Lesson #3: Visual Intelligence offers virtually no modeling capabilities outside of basic calculations and hierarchies.

Collaboration

After one creates a particularly good looking chart (we already know that anything beyond that is not supported in VI) one has find a way to share one’s work with the world. In the Microsoft world, an Excel file that contains both a PowerPivot model (data) and traditional excel charts or PowerView dashboards/reports, that file can be simply saved into SharePoint that then will render all of the visualization to and end user as a web page. No such luck with Visual Intelligence as its visualizations are saved as just in image in to the Streamwork portal and the end user will not be able to interact with it online. Lesson #4: Visual Intelligence is a fat client solutions, no collaboration or online viewing is available.

Random tidbits

  • Calculations in VI are very simple, nothing like PowerPivot with respect to time intelligence, financial intelligence, balance sheet logic, etc.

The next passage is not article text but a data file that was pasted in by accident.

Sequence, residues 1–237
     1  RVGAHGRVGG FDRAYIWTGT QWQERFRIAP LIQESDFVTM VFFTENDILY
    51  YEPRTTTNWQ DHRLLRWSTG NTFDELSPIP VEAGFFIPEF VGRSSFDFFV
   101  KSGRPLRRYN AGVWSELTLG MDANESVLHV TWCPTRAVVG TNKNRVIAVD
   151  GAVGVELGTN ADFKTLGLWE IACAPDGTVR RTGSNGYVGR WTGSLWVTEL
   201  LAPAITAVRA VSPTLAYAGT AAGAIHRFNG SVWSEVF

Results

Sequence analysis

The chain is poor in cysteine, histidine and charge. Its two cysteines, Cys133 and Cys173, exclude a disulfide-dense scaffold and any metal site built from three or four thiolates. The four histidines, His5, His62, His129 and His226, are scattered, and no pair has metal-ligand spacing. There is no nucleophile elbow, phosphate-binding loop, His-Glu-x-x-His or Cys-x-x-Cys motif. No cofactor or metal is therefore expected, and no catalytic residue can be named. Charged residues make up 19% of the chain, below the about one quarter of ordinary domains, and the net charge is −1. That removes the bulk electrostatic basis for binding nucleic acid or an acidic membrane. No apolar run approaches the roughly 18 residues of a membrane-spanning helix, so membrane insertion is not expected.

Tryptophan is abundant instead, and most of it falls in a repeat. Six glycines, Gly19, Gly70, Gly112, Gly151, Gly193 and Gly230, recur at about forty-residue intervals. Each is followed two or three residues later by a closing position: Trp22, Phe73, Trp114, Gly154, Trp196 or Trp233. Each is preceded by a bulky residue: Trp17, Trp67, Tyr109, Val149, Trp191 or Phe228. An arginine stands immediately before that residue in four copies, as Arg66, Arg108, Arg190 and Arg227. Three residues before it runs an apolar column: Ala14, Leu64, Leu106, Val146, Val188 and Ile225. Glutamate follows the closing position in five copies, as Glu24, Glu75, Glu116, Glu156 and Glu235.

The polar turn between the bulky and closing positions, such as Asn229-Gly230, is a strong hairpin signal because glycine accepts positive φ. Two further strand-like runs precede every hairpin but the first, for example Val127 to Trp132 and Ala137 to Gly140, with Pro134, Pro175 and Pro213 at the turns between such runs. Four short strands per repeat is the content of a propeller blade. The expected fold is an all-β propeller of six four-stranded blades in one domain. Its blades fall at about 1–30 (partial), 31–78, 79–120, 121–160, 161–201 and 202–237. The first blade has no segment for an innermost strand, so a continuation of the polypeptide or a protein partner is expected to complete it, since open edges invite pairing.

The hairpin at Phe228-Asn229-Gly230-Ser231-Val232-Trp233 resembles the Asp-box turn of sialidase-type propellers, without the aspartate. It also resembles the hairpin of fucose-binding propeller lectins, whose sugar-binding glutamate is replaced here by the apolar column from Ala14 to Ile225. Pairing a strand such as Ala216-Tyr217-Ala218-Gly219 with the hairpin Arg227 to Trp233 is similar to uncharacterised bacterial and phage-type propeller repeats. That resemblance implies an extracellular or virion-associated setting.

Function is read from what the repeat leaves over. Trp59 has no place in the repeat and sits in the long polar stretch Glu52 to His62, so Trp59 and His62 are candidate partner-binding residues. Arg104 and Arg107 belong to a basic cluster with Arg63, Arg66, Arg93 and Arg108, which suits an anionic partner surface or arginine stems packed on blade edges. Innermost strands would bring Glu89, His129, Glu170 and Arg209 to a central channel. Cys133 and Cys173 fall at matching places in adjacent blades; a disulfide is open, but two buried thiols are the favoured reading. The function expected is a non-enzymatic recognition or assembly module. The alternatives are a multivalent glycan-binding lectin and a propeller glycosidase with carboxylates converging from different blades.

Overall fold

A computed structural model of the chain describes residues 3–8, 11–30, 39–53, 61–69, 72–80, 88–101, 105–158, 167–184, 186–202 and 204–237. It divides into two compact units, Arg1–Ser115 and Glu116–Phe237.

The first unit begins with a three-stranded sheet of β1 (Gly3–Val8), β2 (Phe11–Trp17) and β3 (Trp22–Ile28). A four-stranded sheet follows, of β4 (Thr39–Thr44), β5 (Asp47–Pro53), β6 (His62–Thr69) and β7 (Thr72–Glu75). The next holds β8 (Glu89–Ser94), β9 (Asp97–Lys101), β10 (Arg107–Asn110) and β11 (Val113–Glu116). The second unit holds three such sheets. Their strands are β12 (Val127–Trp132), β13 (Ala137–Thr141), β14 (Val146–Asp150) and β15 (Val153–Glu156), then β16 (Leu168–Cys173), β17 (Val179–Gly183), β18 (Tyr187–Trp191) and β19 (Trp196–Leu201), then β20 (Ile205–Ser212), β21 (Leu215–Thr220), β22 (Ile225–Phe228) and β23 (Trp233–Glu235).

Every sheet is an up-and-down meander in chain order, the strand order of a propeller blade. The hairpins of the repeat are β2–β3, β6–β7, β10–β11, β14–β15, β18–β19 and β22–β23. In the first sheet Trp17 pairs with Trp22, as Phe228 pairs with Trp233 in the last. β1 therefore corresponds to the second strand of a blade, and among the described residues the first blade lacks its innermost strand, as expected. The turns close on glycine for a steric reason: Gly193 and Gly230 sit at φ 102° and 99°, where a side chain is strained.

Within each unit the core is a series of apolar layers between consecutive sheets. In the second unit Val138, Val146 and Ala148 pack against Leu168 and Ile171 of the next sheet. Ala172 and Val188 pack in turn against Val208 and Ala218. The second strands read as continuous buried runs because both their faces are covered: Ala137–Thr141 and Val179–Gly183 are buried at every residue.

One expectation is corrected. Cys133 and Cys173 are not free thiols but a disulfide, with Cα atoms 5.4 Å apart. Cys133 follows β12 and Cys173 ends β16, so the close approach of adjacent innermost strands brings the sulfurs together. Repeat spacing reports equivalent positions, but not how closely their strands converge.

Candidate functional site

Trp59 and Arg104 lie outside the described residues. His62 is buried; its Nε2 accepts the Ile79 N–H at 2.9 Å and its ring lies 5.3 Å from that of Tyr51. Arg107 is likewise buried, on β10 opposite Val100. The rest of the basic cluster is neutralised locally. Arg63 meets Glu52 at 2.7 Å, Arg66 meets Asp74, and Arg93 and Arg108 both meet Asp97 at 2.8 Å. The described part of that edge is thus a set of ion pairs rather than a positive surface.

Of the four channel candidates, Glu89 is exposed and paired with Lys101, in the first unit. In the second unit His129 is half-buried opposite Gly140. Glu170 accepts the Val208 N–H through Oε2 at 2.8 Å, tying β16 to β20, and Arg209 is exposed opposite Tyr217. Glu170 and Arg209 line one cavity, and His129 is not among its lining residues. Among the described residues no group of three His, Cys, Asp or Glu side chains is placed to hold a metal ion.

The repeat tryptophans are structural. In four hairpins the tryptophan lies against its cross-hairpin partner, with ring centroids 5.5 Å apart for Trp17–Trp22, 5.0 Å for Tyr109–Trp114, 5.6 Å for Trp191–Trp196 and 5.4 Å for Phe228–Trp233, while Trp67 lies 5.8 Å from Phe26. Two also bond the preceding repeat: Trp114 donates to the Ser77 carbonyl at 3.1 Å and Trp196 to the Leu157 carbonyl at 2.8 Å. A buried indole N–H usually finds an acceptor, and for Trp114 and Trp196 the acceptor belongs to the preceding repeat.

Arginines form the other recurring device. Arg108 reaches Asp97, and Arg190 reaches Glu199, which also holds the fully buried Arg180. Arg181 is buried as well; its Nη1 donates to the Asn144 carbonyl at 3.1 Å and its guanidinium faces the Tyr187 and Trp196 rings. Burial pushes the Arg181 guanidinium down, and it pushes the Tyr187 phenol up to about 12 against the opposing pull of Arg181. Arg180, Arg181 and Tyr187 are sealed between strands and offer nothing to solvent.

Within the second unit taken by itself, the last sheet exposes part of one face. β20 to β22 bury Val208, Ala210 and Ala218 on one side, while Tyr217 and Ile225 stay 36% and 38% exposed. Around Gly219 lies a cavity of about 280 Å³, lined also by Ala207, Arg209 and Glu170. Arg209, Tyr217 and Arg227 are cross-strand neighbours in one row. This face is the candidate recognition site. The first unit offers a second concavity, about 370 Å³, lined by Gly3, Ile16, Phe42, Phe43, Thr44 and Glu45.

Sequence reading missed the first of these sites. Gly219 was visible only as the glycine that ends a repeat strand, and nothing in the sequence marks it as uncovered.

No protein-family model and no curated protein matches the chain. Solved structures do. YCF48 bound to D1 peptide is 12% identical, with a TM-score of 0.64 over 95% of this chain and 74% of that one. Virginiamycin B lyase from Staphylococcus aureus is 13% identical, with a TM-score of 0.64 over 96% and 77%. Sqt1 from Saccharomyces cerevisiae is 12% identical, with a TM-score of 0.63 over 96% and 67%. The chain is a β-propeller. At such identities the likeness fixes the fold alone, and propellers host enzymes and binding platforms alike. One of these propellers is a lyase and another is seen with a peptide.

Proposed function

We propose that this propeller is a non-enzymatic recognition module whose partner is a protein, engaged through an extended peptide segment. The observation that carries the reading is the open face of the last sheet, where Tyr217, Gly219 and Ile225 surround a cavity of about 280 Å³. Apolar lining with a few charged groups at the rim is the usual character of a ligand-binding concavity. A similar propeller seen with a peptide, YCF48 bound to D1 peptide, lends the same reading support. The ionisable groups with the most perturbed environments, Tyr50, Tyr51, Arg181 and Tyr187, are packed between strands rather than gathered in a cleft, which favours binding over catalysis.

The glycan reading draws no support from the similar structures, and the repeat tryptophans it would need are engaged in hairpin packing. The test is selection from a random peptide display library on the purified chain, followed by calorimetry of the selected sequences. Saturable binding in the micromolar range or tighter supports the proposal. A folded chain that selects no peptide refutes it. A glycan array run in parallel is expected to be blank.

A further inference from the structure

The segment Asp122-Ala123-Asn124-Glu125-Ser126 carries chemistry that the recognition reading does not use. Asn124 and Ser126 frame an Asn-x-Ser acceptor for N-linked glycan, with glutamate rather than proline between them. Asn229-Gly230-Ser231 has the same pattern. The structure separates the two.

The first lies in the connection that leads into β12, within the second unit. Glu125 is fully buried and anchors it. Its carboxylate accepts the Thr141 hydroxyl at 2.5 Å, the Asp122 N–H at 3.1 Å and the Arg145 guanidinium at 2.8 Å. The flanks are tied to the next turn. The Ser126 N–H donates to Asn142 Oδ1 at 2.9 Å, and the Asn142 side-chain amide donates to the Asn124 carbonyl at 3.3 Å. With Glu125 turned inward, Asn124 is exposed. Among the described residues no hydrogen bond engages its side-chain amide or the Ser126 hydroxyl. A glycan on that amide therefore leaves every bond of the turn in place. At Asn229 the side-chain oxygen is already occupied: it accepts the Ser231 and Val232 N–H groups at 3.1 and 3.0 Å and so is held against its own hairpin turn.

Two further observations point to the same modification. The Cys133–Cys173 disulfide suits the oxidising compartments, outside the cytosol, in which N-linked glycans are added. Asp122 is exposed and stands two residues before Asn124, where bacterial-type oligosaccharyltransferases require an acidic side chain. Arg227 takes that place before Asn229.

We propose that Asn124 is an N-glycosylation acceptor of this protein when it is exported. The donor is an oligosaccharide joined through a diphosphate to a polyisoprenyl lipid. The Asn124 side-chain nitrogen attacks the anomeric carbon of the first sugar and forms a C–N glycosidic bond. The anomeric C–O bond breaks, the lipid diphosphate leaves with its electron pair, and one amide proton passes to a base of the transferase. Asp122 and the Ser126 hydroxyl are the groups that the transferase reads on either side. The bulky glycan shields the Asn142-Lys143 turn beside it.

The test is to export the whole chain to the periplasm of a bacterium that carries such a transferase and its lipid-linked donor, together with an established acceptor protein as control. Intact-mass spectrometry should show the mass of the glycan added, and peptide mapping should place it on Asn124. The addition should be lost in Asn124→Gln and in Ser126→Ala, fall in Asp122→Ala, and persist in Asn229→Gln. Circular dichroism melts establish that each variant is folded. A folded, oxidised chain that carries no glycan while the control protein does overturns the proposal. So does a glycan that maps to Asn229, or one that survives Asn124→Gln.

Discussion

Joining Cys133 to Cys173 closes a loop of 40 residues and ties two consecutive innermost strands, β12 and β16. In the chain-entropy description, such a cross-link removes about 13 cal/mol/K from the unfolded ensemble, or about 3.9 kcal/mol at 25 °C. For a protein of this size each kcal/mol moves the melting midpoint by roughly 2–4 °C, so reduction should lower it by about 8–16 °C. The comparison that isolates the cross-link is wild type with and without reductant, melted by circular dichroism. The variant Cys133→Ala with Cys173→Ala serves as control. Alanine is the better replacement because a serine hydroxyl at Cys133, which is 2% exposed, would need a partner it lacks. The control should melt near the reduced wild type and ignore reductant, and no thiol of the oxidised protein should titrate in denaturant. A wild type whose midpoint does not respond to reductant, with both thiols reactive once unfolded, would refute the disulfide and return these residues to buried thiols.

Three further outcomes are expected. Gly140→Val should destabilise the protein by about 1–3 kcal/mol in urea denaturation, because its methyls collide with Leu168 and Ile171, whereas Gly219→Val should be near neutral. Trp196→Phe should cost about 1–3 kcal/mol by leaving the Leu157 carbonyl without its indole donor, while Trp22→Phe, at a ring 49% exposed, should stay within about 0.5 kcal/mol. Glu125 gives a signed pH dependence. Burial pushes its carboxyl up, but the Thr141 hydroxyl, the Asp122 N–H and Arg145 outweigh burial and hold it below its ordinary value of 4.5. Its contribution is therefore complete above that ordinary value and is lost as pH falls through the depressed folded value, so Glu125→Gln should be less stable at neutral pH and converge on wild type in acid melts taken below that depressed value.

• Charts in VI are not drillable, they are in PowerView
  • No drilling to detail in VI, there is one in Excel
  • No dimensional modeling in Visual Intelligence, there is on in PowerPivot
  • Tree map is available in VI, not in Excel, heat maps are available in both, although more intuitive in VI than excel (conditional formatting)

…. More things to come later tonight…

6 comments

  • Excel have maps and card Objects for show The images !

  • What would you recommend for BI, EXCEL or VI + BW. If my excel capabilities are very high.
    Regards

  • Hi,

    I’m interested in the waterfall trick for PowerPivot ;) Did you write something about ?

    Regards

  • Hi,

    Your write-ups are great. Thank you for sharing them on this blog. I’ve built some data models for reporting and analysis in powerpivot. Then, I tried to reproduce the results in VI (SAP Lumira). But, as you have said, it is not possible to create multi-table models and the workarounds are not satisfactory.

    Q: Is the reason for this due to the lack of data engine like the Vertipaq in VI?

    I’m trying to understand how easy or difficult it would be for SAP to implement powerpivot-like modeling features in VI? If it is difficult, then I’d conclude use cases requiring a data model, with the model being portable for offline work, are not suitable for HANA/VI.